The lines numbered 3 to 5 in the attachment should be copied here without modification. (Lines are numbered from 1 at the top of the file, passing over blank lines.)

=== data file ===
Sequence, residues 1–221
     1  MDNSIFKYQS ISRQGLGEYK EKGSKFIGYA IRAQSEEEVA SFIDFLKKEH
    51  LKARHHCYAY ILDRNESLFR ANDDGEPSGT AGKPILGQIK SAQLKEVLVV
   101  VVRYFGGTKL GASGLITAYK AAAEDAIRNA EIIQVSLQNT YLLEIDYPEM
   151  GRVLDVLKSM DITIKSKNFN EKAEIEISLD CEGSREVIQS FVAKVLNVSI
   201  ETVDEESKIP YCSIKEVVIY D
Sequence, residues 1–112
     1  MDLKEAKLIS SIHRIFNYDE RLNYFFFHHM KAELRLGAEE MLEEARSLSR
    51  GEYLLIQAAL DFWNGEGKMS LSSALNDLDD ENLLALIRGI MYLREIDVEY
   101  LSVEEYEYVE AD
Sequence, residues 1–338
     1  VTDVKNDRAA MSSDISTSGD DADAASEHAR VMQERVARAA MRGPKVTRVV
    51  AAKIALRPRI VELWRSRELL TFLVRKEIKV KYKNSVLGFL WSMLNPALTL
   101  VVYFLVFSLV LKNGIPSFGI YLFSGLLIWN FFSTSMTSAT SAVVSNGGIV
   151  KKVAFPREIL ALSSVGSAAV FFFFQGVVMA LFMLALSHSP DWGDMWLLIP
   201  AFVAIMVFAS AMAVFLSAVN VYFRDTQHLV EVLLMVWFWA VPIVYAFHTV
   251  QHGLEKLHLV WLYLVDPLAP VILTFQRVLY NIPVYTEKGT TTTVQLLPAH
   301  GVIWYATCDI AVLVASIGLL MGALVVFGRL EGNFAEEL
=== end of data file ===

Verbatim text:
    51  LKARHHCYAY ILDRNESLFR ANDDGEPSGT AGKPILGQIK SAQLKEVLVV
   101  VVRYFGGTKL GASGLITAYK AAAEDAIRNA EIIQVSLQNT YLLEIDYPEM
   151  GRVLDVLKSM DITIKSKNFN EKAEIEISLD CEGSREVIQS FVAKVLNVSI